Zero Divided by Zero Conceptualized
Name: Srinivasarao
Status: student
Age: N/A
Location: N/A
Country: N/A
Date: N/A
Question:
0 / 0 == infinity But my question is I have 0 chocolates and
I want to distribute for 0 children and hence 0 children got 0 chocolate
each in hand.... In this case 0 / 0 == 0 ? How can explain my question
leads to infinity?
Replies:
0/0 is not infinity, and division by zero does not lend itself to very
satisfying conceptualizations. Chocolate does not help.
But think about this:
x/0 = infinity for all x less than zero, +infinity for all x greater
than zero.
Also, 0/x = 0 for all x except x exactly zero, and
x/x = 1 for all x.
Tim Mooney
Srinivasarao,
0/0 does not equal infinity. It is undefined. There is not enough
information to determine the ration. The value depends on what happens
"near" zero. You must have a numerator and denominator that in some way
depend on each other. From a mathematical point of view, this can be
two functions of the same variable, such as f(x)=2x and g(x)=3x. From a
reallife point of view, this can be two quantities that depend on one
another, such as the distance traveled by two racecars in the same race.
As a simple example, consider the mathematical example. At x=0, both
f(x) and g(x) equal zero. The ratio of the two, f(x)/g(x), equals
(2x)/(3x)=2/3 as x approaches zero.
For another example, let h(x)=x^2 (i.e. xsquared). At x=0, both f(x)
and h(x) equal zero. The ratio of the two, f(x)/g(x), equals
(2x)/(x^2)=2/x equals infinity as x approaches zero.
0/0 all by itself does not give enough information to define the ratio.
Dr. Ken Mellendorf
Physics Instructor
Illinois Central College
Actually, zero divided by zero is not necessarily infinity. ANY number
qualifies as zero divided by zero. It is when you get to dividing
NONzero numbers by zero that you confront infinities.
Think of this in terms of the definition of division. A divided by B
means: How many times must you subtract B from A to reach zero?
For A divided by zero, where A is any number except zero, the number is
not even infinity, because infinity itself is not big enough. No matter
how many times you subtract zero from, say, five, you will never, ever
reach zero. So even infinity is not big enough to be 5/0.
What does this tell us about zero divided by zero? Well, how many times
must you subtract zero from zero in order to reach zero?
Zero times? Sure. That works.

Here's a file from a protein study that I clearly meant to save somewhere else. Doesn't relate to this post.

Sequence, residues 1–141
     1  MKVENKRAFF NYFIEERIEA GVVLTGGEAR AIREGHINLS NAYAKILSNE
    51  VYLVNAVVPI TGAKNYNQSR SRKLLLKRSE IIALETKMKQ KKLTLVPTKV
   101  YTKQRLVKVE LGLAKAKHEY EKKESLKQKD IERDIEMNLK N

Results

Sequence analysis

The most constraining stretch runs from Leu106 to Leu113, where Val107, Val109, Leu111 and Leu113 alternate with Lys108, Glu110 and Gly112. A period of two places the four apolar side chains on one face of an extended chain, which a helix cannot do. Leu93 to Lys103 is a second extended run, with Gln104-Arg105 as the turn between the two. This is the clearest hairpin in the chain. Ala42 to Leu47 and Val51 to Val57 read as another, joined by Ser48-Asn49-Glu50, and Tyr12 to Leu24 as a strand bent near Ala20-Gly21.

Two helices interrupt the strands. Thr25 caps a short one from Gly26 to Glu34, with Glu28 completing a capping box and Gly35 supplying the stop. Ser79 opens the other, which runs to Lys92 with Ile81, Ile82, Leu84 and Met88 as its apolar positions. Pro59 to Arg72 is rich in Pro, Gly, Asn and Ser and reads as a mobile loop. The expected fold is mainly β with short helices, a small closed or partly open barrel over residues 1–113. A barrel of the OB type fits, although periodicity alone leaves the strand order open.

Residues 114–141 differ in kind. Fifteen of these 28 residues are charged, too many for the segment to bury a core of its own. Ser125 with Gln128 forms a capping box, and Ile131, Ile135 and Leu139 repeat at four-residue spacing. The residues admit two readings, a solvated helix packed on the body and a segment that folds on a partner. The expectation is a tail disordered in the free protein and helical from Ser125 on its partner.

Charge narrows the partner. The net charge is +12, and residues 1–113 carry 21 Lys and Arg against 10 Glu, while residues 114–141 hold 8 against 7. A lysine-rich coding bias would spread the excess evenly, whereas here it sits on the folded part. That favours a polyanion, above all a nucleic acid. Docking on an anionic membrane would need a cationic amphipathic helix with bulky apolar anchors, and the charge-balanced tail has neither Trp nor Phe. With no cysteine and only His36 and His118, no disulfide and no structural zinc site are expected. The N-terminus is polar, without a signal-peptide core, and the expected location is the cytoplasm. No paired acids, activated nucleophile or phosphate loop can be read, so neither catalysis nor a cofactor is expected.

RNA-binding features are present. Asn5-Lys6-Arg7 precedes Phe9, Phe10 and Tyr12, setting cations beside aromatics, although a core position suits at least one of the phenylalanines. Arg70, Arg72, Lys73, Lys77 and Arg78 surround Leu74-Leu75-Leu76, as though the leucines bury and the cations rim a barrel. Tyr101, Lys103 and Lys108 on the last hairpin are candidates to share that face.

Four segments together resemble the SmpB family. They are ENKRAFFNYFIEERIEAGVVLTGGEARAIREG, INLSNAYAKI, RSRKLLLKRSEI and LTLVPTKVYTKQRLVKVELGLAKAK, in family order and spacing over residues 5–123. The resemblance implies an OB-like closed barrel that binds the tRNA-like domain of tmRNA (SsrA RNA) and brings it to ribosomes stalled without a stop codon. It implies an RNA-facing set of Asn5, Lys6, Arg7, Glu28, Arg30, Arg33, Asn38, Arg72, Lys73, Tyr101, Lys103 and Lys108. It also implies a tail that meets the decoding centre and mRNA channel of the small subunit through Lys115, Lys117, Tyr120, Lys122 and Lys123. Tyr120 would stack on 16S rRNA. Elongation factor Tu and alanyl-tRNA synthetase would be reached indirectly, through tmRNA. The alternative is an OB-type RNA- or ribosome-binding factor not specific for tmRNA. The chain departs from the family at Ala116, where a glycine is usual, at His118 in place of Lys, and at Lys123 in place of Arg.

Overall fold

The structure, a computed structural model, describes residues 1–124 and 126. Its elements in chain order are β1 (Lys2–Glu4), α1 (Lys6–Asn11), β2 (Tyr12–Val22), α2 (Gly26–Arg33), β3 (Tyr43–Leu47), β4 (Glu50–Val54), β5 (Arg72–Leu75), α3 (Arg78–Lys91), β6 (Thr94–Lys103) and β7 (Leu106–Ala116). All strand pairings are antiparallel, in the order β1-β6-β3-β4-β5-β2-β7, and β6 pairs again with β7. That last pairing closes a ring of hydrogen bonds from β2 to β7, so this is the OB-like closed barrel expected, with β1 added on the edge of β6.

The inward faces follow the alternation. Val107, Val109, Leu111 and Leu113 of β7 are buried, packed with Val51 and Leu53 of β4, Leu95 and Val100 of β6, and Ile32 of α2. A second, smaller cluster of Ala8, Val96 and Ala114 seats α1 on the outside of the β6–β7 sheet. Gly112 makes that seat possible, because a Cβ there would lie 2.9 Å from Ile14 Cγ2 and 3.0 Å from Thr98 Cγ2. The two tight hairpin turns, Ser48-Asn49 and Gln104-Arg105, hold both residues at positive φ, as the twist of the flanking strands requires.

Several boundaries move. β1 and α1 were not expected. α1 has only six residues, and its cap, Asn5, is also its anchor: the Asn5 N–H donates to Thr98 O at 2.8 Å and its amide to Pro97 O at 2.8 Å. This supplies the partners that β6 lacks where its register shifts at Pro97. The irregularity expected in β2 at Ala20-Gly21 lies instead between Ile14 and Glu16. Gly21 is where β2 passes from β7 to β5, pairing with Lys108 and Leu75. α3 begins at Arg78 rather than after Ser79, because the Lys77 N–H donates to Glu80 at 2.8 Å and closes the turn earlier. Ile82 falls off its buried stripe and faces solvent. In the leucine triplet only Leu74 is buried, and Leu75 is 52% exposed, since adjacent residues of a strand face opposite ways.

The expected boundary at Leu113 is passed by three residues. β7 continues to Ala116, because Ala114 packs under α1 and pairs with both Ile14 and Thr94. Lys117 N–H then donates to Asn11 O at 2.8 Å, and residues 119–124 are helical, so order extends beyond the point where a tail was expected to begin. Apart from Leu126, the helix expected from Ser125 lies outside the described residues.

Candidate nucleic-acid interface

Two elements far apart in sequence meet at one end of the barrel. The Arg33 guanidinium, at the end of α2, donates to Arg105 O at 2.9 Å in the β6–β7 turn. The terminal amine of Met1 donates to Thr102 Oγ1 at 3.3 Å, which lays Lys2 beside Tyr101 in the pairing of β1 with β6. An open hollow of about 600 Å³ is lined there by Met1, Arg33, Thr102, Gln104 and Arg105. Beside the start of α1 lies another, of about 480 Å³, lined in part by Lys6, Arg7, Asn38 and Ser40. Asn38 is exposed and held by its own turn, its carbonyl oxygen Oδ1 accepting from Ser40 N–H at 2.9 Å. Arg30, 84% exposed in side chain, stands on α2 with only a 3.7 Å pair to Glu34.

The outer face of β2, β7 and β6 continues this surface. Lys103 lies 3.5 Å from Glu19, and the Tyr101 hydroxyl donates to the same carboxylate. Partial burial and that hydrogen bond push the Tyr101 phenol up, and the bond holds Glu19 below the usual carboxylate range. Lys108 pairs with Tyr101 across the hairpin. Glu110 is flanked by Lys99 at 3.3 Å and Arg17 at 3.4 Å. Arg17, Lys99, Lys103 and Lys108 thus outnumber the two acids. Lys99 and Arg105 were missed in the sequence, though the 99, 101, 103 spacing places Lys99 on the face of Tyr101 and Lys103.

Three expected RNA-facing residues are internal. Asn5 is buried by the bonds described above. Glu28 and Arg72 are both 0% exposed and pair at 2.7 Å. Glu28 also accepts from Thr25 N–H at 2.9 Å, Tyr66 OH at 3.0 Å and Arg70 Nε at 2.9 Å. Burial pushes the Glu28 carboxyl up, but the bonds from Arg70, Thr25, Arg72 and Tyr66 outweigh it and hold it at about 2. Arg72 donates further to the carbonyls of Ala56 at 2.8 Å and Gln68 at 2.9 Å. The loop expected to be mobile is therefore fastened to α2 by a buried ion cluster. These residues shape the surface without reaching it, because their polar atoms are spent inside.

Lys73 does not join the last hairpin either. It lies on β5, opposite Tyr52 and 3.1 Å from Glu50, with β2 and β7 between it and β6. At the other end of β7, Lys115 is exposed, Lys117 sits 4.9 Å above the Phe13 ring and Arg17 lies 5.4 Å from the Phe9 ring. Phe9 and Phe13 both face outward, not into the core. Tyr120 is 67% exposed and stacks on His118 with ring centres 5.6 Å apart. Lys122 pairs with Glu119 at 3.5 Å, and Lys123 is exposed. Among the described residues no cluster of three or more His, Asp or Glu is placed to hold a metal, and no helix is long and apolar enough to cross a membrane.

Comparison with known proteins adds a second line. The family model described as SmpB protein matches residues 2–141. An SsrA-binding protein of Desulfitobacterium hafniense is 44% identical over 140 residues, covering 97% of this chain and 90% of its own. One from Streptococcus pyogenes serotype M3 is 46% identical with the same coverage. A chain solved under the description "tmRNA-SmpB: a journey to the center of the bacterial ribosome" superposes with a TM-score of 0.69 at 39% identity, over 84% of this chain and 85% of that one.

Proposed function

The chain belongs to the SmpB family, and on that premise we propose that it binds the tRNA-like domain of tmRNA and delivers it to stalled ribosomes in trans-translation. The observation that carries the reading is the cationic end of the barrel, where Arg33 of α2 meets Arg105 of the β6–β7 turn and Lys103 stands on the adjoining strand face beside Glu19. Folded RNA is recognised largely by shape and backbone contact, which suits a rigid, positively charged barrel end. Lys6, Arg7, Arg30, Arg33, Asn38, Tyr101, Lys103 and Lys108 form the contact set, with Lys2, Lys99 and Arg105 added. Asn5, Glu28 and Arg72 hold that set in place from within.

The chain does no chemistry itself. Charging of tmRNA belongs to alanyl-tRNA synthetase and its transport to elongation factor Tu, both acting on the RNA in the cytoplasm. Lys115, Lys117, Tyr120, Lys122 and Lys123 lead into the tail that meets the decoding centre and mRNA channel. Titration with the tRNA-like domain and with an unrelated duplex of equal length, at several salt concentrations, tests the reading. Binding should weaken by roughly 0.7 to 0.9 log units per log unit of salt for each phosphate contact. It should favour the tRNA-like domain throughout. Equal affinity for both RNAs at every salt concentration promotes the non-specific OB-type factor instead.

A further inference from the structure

One time? That works too.
Two times? Yes. If you subtract zero from zero twice, the result is
zero.
Pi times? Again, if you subtract pi zeroes from zero, the result is
zero.
We can do this with ANY NUMBER THERE IS, even zero. So, zero divided by
zero is truly a special way to define a number. The answer can be
infinity, or it can be zero, or absolutely anything else. All numbers
satisfy the operation.
Richard Barrans
Department of Physics and Astronomy
University of Wyoming
You have started with an inaccurate assumption, that is: 0/0 = infinity.
The ratio 0/0 is called "indeterminate" because it is defined in terms of
the limit (as x > 0) of the numerator N(x) divided by the limit
(as x >0) of the denominator D(x). If N(x) approaches zero "faster" than
D(x) the ratio is zero. If D(x) approaches zero "faster" than N(x) the ratio
approaches infinity. They may approach zero at different, but finite, rates.
If they approach zero "at exactly the same rate" you have to apply the
test again.
The rule(s) for determining the limit of a function of the form: N(x) / D(x)
is called L'Hopital's rule, also spelled
L'Hospital's rule  I think the reason for the difference is that the "s" is
silent in French, but my French is limited.
You will find the mechanics of the application in most introductory calculus
texts. It involves knowing how to determine derivatives of functions, so it
is not treated at levels lower than introductory calculus.
Vince Calder
Actually any division by zero, to a mathematician, is simply undefined.
Your example makes sense, but runs smack into the unyielding definitions
of mathematics. Mathematicians it seems are not very flexible on this
point.
The definition of division states: a/b = c if and only if c x b = a. In
other words, if you cannot reverse a division by multiplication it does
not fit the definition. It is a problem.
Division by zero fails the definition because, if b =0, then any c will
do since b x c = 0 and you can't get back to the original, a.
4/0 = anything. Anything x 0 = 0 and we can never recover the 4, even
if the answer were infinity, so division by zero is outside the
definition or is undefined.
As for 0/0, you can use any number for the answer, c, and it will
satisfy the definition. You may say infinity, and I will say 11 43/52.
Can we both be right? (infinity x 0 = 0 and 11 43/52 x 0 = 0) And
anyway, isn't anything divided by itself supposed to equal 1?? Oh oh.
Since the conflicts cannot be solved, division by zero is ignored as
being "undefined". And in many cases it does violate the definition of
division as we see above.
Having said that, 1/x approaches infinity as x decreases to near zero,
but if x ever exactly gets to equal zero, the answer becomes undefined.
This may seem like nitpicking but, from my experience, the ideas of
division by zero and infinity are stumbling points to some Calculus I
students.
Bob Avakian
Oklahoma State University  Okmulgee, OK
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Update: June 2012